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Logo of Phnom Penh Post newspaper Phnom Penh Post - Election funding causes discord at NEC

Election funding causes discord at NEC

FUNDING for the February, 2002 commune elections has become a contentious issue,

causing fissures within the National Election Committee (NEC).

Prime Minister Hun Sen has insisted during his frequent public appearances that Cambodia

did not need the international community's help in holding its elections - a sentiment

shared by most NEC members. However, vice-chairman Kassie Neou warned that such statements

could amount to "biting the hand that feeds".

On August 16, Neou resigned his position as head of international relations responsible

for raising election funds, citing his failure to raise sufficient funds from either

the government or donors for the election. Neou will stay on, though, as vice chairman

of the NEC.

In his letter of resignation to NEC chairman Chheng Phon, Neou said the time was

not yet ripe for organizing elections without external support.

"If we do that, we discourage [the international community's] support. We are

guilty of biting the hand that feeds us. Our efforts would be poorer without the

resources and technical assistance offered by the international community,"

he said.

Speaking to the Post the previous day, Neou admitted that the voter registration

process, which has been extended at some centers for another three days to compensate

for delays and early closures, had been plagued by confusion and irregularities.

He said, however, that the NEC had resolved many problems and pointed out that 72

per cent of voters had registered.

The NEC recently revised its budgetary requirements for the commune election from

$30 million to $18 million, around $3 per voter. Around $6 million of this will be

covered by the government.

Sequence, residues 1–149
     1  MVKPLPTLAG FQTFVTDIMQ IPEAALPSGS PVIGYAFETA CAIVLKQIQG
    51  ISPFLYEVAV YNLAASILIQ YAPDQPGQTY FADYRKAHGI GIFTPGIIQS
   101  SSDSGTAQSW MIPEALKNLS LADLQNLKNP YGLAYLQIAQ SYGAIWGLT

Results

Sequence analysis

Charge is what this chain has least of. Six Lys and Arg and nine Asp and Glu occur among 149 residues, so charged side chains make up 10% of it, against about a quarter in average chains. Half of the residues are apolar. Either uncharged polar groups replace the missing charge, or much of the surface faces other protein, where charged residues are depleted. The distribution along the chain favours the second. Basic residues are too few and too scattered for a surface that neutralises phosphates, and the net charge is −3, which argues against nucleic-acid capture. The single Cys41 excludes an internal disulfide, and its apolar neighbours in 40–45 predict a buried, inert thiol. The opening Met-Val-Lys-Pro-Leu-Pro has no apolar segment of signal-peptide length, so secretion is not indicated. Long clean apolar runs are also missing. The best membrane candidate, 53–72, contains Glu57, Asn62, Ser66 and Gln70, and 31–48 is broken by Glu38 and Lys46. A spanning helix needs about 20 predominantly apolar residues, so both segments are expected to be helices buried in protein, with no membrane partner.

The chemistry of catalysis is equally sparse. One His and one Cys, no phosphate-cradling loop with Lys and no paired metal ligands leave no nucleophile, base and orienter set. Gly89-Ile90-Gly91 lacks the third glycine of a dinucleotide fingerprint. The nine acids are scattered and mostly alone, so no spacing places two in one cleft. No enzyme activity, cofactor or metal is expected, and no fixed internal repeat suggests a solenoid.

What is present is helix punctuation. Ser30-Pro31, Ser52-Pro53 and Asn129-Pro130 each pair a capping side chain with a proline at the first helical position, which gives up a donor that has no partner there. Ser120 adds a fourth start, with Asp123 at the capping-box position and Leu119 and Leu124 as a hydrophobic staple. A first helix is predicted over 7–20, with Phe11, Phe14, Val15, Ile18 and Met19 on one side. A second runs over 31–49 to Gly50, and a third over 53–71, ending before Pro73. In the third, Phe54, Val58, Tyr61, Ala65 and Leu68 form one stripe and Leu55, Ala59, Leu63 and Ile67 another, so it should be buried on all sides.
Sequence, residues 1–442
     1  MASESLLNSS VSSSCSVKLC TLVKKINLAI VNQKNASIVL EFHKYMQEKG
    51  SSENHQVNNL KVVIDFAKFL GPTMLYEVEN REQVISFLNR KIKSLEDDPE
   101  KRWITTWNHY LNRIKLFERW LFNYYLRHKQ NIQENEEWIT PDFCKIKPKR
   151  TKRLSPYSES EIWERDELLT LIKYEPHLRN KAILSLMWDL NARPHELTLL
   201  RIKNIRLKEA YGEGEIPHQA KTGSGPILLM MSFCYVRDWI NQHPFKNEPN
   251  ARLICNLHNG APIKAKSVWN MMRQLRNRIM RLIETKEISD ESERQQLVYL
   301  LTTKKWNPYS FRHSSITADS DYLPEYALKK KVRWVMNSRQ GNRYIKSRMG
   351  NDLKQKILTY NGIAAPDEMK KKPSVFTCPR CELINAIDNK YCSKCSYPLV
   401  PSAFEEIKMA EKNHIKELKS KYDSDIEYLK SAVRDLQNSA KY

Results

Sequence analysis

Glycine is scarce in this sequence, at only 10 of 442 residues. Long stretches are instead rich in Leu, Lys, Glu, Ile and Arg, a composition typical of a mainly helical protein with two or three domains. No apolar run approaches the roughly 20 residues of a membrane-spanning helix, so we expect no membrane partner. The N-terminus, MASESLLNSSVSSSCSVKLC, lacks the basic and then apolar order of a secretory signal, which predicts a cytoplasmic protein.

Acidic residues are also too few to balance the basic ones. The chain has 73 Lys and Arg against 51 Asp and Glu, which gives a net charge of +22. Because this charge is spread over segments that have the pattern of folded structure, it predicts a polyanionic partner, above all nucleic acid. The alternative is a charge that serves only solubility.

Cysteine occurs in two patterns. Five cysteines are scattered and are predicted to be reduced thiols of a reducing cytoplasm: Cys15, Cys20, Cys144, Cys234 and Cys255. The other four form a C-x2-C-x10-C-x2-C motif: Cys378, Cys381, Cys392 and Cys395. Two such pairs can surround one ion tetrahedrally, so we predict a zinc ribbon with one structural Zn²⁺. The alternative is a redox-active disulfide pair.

However, Kek Galabru, foun-der of the human rights group Licadho, said that the country

was set to spend far more than necessary on the election.

"In comparison, Bangladesh, with its population of around 130 million, a much

larger geographical area and which is also plagued with serious problems, spends

just $8 million on its elections," she said.

Galabru suggested it was time the government took responsibility for holding the

elections, rather than relying on funds from the international community.

Neou countered saying that elections were still a relatively new experience for Cambodia.

He added that the NEC had learned lessons from the previous two elections, which

had considerably improved its performance this time.

"Why don't we realize that countries like Bangladesh have a well-established

electoral system, whereas we are still in the process of building up our electoral

assets from one election to another," he said.

"During the first elections, UNTAC spent a massive $2.7 billion when Cambodia

had just 4 million voters - although this included peacekeeping costs. We improved

that in 1998 to $31 million for 5.1 million voters - around $6 per voter," said

Neou.

"This time we have been able to scale it down to $18 million, though the number